He was calling to Basket Woman She is a terrible witch woman monster who wanders the forest looking for bad children to eat. She was a giant and was covered with black fur. She had sharp claws and glowing eyes to see in the dark forest. The stories say she carries a great basket on her back and puts children into it and carries them to her camp in the mountains. Once there she cooks them over the coals of a great fire and then eats them. All the tribes tell stories about her and warn there children to be good or she will take them away for her dinner.

This little boy did not believe the stories about Basket Woman. He thought they were for little children.

“Hush!” said hunch-back Girl. “Don’t say that! She will hear you!”

“I don’t care!” he said. “Give me better fish!”

“I don’t have any more. That is what you get”, she said.

“Basket Woman! These bad children will not give me good food! Come and get them!” he called out again.

“Quiet! Please be quiet! Don’t say her name!” all the children said.

But it was too late. From high up in the mountains the children heard a rumbling noise. Something big was coming down the mountain. It was Basket Woman. She was howling like a wild animal and coming straight towards them. She was coming very fast.

The children screamed and, all holding hands, began to run back down the trail to their village. But they could only run as fast as the littlest one and soon the monster was upon them. Basket Woman grabbed all of them and put them in her terrible basket. After she caught all of them she turned and began to trudge back up the mountain carrying her heavy basket full of children. She was ready to eat her dinner.

The children were in the basket crying. They knew they would never see their families again. They knew she was going to eat them.

But Hunch-back Girl was determined to save them. She would not let the monster hurt them. She thought of a plan.

She held the littlest one and told him that she would lift him above the rim of the basket. He must be very quiet. She would lift him up and when Basket Woman passed a low hanging branch he must grab it and hold on. Then he must run back to the village and tell the people what was happening. He must tell the people to come and help them.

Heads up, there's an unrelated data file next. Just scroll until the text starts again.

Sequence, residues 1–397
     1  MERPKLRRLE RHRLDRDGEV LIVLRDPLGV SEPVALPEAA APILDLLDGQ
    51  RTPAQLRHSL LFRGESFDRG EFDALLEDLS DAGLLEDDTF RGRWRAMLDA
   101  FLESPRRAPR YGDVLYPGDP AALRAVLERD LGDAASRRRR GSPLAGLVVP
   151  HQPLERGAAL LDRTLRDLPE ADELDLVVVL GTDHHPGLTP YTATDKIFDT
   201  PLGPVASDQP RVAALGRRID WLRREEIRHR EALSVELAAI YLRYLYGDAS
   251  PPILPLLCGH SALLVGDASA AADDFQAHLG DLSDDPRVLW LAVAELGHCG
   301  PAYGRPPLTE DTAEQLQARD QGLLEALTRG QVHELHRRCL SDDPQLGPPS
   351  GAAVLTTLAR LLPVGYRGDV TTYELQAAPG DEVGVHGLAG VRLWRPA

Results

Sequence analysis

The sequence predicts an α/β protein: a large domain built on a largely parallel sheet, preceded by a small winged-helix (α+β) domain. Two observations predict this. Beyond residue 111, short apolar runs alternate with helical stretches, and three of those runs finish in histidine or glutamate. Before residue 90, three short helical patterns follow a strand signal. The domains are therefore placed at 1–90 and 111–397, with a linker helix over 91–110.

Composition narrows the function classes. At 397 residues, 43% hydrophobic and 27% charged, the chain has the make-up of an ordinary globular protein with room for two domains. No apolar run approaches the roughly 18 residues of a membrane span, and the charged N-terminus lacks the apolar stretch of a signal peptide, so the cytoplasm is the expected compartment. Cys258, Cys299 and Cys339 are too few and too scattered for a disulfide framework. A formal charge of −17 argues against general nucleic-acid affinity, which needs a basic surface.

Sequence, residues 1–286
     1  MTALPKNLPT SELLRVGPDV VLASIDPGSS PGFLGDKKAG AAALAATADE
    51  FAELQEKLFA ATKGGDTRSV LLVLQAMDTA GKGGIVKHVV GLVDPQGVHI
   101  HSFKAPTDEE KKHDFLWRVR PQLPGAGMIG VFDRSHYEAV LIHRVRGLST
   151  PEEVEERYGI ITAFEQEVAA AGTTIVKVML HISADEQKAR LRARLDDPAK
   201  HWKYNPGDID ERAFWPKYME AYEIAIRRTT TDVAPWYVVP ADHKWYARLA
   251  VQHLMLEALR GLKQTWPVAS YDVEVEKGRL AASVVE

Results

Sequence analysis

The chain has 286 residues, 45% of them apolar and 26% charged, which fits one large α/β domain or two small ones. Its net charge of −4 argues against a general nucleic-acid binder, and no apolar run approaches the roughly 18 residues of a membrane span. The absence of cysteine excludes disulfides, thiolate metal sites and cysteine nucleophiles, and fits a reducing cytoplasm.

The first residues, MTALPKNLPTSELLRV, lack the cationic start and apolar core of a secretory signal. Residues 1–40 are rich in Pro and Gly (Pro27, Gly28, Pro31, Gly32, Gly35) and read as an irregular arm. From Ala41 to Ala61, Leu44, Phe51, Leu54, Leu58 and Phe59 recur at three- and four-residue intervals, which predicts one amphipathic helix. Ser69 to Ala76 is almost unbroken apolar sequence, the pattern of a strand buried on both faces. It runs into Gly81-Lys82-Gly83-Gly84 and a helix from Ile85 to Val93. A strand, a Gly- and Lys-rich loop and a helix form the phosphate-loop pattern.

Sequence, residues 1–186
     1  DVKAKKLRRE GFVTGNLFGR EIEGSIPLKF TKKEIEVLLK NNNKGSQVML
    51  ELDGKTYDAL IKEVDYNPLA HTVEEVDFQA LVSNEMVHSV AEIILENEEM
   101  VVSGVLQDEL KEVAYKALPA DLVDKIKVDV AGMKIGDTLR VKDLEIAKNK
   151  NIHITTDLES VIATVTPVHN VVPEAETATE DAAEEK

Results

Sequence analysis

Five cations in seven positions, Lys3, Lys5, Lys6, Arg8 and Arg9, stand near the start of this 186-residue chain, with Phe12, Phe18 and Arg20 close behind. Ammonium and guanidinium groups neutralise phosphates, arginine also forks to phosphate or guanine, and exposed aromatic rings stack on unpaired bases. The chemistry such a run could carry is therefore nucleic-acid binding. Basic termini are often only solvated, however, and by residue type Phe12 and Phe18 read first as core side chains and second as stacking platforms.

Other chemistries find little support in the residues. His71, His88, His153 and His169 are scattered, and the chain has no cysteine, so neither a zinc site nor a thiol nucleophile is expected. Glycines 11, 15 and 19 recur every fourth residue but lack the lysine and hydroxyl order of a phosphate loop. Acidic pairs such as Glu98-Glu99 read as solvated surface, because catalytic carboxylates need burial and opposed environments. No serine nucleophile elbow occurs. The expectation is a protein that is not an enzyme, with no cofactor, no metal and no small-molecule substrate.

So she lifted him up and soon he grabbed a low hanging branch as they passed by it. He did as he was told and was soon running down the trail back to his village.

Soon the monster came to her camp and the great fire. She reached into the basket and pulled each child out one by one. She pulled out Hunch-back Girl.

“Little girl,” said the monster, “thank you for bringing my dinner to me. I am very hungry.”

Hunch-back girl had told the children a plan when they were in the basket. She had to make Basket Woman do something.

“I have heard you are a very good dancer Basket woman. They say you are the best dancer anywhere. Before you cook us and eat us, can you show us how you dance?” asked the girl.

“Me? A good dancer? Who told you this?” asked Basket Woman.

“Everyone says it. Please show us your great dancing.” Said Hunch-back Girl

And so Basket Woman began to dance. She was not a good dancer, in fact she was very clumsy, but still she danced round and around the fire. The children began to sing. She danced faster and faster. Soon she became dizzy and staggered, almost falling into the fire.

When this happened hunch-back Girl called out, “Now! Everyone push her in the fire! All together!”

The children rushed up and pushed the great monster as hard as they could. One of them could not do it, but together they could. She fell into the fire and began to burn.

“Oh, my children!” she cried. “Help me out of the fire!”

Some of the children ran and got long sticks. They did not pull her out of the fire with those sticks. They pushed her further into the flames.

So she burned up in the fire. The fire blazed and roared.

The people from the village finally arrived with spears and clubs to save the children. But it was too late. The children burned up the monster. But there were sparks from the roaring fire flying everywhere. These sparks turned into living things. They turned into mosquitoes. That is why mosquitoes like to eat the blood of little children in the summer time. They come from her.

And that is all.

Story Questions

How is the teaching of the importance of the group suggested or taught in this story?

The children are, as a group, not bad children. What about their behavior brought the monster/problem to them?

Are there any teachings in this story that might be relevant to you in solving a problem?